The Industrial Internet of Things (IIoT) has triggered arguably the biggest wave in the industrial sector in decades: digital transformation. The promises and potential are enormous, and game-changing technologies are hitting the street at a dizzying pace. But questions arise: How will organizations manage their own transformations? How will traditionally siloed organizations like IT and OT look in the future? How critical is IT/OT collaboration to make digital transformation a reality, and what does it look like?
At the Emerson Global Users Exchange this week in San Antonio, those topics and more were discussed by an industry panel consisting of Tom Madilao, regional manager, special projects, Chevron; Denise Sherrod, chief of automation, Occidental Oil and Gas; Robert Wojewodka, manager, global operations, statistics and data science, Lubrizol; and Bilal Mehmood, vice president and chief technology officer, Kadant.
About 500 Exchange attendees registered to attend the evening event, which was co-hosted by Emerson Automation Solutions and Microsoft, represented respectively by co-moderators Peter Zornio, chief strategic officer, Emerson Automation Solutions, and Carl Coken, general manager for IoT, Microsoft.
“I’m OT Hans and he’s IT Franz, and we are here to pump you up—on the role of IT and OT collaboration in digital transformation,” said Zornio.
Zornio reported results of a recent survey of people in IT and OT, which showed that 90% think they need a clearly defined roadmap for digital transformation, but only 20% say they have one. And 79% say that IT/OT collaboration is “important” or “very important.”
Questions to the panel ranged from “What is the most difficult aspect of a digital transformation project?” to “How can you make IT/OT collaboration happen?” and “Can you think of examples of digitalization projects where there were problems other than IT and OT?”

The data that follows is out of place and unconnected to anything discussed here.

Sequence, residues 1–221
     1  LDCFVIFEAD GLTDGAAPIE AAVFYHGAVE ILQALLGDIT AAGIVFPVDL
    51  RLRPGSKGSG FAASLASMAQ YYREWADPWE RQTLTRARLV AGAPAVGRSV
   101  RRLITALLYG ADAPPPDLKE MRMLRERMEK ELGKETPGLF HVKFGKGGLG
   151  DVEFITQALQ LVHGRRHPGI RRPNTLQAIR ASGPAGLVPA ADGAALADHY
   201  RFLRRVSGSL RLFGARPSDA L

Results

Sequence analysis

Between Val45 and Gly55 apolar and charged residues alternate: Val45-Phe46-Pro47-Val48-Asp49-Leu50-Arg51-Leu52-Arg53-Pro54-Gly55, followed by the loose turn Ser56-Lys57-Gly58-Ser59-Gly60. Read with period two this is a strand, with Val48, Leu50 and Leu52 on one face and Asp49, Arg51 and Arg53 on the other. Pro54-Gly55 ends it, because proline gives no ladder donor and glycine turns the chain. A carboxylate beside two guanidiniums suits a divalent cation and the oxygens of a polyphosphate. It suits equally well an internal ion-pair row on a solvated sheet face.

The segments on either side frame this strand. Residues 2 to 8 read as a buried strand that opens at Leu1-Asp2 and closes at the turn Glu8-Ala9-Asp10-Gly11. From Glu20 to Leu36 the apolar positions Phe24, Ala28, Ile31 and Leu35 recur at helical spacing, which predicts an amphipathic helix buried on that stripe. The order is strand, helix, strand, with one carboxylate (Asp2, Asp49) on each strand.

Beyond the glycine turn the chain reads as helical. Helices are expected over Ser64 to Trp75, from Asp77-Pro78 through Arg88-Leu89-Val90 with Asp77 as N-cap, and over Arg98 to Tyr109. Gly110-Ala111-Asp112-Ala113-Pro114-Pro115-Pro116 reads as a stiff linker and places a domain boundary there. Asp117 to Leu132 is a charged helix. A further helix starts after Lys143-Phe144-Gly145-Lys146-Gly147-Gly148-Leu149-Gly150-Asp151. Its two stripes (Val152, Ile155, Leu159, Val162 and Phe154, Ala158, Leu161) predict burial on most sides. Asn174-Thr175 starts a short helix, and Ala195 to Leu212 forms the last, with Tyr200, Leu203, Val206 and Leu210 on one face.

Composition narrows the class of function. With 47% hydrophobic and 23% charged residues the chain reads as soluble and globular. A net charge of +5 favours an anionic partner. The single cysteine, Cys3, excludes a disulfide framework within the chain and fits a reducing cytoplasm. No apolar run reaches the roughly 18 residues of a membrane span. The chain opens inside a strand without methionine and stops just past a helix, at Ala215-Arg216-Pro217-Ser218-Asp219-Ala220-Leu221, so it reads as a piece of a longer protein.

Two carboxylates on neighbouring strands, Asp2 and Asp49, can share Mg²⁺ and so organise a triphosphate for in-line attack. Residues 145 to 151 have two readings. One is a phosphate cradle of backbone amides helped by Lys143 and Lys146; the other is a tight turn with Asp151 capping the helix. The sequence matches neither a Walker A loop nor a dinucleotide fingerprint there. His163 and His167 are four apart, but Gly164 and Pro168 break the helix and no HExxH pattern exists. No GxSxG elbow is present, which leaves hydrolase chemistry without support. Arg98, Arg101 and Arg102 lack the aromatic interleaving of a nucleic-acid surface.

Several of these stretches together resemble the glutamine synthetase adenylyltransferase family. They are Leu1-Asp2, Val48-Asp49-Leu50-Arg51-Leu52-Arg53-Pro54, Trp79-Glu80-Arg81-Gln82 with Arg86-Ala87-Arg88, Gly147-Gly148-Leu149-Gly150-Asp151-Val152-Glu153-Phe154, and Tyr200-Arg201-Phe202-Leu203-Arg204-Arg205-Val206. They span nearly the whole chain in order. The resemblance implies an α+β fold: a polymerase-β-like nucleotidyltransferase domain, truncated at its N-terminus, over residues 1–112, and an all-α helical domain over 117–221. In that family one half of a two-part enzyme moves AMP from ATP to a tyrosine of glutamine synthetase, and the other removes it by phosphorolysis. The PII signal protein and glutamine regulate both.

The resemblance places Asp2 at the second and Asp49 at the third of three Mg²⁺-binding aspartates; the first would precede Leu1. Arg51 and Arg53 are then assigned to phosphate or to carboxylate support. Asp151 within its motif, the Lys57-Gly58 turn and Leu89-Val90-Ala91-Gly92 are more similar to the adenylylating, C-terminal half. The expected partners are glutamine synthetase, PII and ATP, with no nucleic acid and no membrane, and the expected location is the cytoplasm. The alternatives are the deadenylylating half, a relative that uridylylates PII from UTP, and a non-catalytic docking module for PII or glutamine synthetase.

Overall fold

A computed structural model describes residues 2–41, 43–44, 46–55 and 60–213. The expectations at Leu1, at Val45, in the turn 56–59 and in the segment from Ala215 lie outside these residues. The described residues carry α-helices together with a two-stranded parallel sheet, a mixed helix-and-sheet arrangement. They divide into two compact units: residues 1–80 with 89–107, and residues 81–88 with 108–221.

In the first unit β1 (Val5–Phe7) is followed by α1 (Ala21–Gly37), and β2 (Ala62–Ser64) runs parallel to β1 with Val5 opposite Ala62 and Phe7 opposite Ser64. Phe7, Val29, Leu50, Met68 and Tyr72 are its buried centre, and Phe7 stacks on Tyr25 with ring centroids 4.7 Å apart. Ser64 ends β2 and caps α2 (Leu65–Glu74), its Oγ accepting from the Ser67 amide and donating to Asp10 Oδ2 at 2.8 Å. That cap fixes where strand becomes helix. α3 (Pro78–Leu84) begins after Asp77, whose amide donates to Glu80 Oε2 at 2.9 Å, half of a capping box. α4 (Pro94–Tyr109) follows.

On IT/OT Collaboration
Panelists suggested that the most effective way to get IT and OT aligned is for each to help the other understand its point of view, then let them use their own talents to help. “We had to educate them, then work with them to find a way to let them manage the systems,” said Occidental’s Sherrod.
“The more they collaborate, the more productive they are,” said Wojewodka from Lubrizol.
“It’s the job of the IT guys to come up with solutions—are you asking the right questions?” said Kadant’s Mehmood. “You have to have a common language and mindset.”
“For us, from a plant perspective, IT has been very cooperative,” said Chevron’s Madilao. “They are doing a tremendous amount of work, focusing on different things from OT, and talking to different vendors. They are not looking at all the possibilities because they are busy keeping the business running.”
If IT is not cooperating, remember that, “Every individual reports to someone,” said Wojewodka. “That person must be behind the collaboration and motivate the individual, show them the importance of the project, and reward people who work together.”
If all else fails, OT should simply, “Tell them you’ll be installing IT stuff,” said Sherrod. IT doesn’t want to lose control of their realm. “Don’t go around them, but tell them you’re doing it, and they’ll be there tomorrow.”
Difficulties in digital transformation
On digital transformation in general, panelists seemed to agree that “The technology is the easy part,” said Sherrod.
“A lot of people tell us they can provide a digital transformation solution,” said Madilao. “We need to understand what we need to do. The demand from the business side is growing, how do we make sure we do the right thing?”
“It’s exhilarating to see the speed of movement in digital transformation, but it’s outpacing companies’ abilities to think it through and do it well,” said Wojewodka. “It’s up to us to find our own pace, to not pay too much attention to suppliers coming out of the woodwork.”
“You can partner up for the technology, but not for people and skills,” said Mehmood. “Small and medium-sized companies can’t hire enough new people. We have to retrain the ones we have, to take those same engineers doing good product design—people who can ask the right questions—and have them look at the process side.”